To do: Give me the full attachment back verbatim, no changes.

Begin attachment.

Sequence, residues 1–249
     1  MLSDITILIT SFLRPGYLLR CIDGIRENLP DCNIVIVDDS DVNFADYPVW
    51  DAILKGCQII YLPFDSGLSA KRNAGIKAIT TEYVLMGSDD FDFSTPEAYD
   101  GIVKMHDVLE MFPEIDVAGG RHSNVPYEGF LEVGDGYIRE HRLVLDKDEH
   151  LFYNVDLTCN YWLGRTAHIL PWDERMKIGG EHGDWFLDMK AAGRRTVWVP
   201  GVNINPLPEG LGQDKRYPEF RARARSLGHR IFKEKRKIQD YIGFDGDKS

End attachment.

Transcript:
Sequence, residues 1–249
     1  MLSDITILIT SFLRPGYLLR CIDGIRENLP DCNIVIVDDS DVNFADYPVW
    51  DAILKGCQII YLPFDSGLSA KRNAGIKAIT TEYVLMGSDD FDFSTPEAYD
   101  GIVKMHDVLE MFPEIDVAGG RHSNVPYEGF LEVGDGYIRE HRLVLDKDEH
   151  LFYNVDLTCN YWLGRTAHIL PWDERMKIGG EHGDWFLDMK AAGRRTVWVP
   201  GVNINPLPEG LGQDKRYPEF RARARSLGHR IFKEKRKIQD YIGFDGDKS